“…the bottom line is that [OnLive] gameplay experience is not better than what we already have - by and large it's tangibly worse. The varying quality of the graphics is questionable, and the lag is best described as "better than expected" - nowhere near the claims that have been made for the system, and still measurably inferior to current standards.” 

Problems with video-based cloud gaming systems first exposed by OnLive have continued to limit the price-performance of cloud gaming services. Even five years following the initial failure of OnLive, more capable game server hardware and higher connection speeds have not made video-based cloud gaming systems a good value proposition for end users.

Nvidia’s GeForce Now is a video-based cloud gaming service that has been limited to users of its $199 Shield or $299 Shield Pro devices. The service includes access to 60, mostly older, game titles for $7.99 per month subscription.  Another 40 or so games are available for purchase through the service.   Although Nvidia has signaled intention to make GeForce Now available to PC and Mac users, the service has failed to emerge from beta for these and other platforms since it was launched in 2013.

In early 2017, Nvidia once again announced the possibility of making the GeForce Now video-based game streaming available to PC and Mac users. However, Nvidia indicated that the cost of the service for users would be $1.25-$2.50 per hour charged to users to play games that they already own.  The $2.50 per hour fee was anticipated for the highest quality service, which is limited to 1080p at 60fps.  Of course, this resolution and frame rate is generally achievable for most games by current-generation game console hardware that typically costs $300-350, making the expensive GeForce Now streaming solution a limited value proposition for mainstream gamers.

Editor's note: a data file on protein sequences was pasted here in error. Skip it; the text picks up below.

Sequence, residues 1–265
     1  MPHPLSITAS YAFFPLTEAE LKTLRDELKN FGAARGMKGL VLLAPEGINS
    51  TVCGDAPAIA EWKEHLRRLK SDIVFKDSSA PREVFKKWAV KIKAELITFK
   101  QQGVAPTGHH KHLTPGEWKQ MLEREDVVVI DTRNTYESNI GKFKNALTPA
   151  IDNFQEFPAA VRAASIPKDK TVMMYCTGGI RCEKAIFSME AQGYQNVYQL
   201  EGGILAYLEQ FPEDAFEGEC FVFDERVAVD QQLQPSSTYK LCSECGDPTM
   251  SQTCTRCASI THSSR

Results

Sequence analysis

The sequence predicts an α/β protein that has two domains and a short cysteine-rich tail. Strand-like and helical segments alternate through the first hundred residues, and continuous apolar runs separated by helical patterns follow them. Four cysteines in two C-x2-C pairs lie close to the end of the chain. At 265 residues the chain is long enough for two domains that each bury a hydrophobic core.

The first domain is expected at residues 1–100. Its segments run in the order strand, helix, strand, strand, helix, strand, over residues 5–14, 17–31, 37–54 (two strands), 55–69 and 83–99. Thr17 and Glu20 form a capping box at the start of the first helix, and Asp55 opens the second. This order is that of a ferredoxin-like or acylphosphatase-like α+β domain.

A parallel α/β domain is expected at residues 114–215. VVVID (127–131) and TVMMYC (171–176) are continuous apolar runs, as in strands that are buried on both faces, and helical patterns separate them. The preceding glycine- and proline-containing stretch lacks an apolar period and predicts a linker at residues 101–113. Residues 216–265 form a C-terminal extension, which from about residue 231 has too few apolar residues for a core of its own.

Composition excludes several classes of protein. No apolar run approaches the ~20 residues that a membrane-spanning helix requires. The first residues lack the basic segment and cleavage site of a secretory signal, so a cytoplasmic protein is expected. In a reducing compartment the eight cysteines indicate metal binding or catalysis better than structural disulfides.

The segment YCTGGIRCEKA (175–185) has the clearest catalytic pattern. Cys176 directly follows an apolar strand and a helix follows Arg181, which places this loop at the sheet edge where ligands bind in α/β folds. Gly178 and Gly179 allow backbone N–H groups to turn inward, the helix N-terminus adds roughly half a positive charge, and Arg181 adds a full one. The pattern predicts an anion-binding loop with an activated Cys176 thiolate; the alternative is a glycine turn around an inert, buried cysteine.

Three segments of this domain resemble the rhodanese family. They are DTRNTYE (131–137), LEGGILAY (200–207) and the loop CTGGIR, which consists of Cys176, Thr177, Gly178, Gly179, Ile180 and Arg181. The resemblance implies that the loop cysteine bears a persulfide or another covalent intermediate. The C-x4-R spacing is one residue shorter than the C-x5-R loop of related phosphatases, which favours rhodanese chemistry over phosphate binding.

Moreover, PC gamers can currently use commodity graphics cards costing less than $300 (from Nvidia and AMD) to run these games at even higher resolutions and frame rates. To receive the GeForce 1080p, 60 fps cloud gaming service, each user must be connected to a dedicated Nvidia Grid Server unit including a GPU and at least 2 CPUs, and costing approximately $3000.  These devices also have very high per-user power and cooling costs in the data center. The high proposed hourly cost of the Nvidia GeForce Now service is a direct consequence of the high cost of the server-side equipment required to run and render the game, and compress the video frames in real time.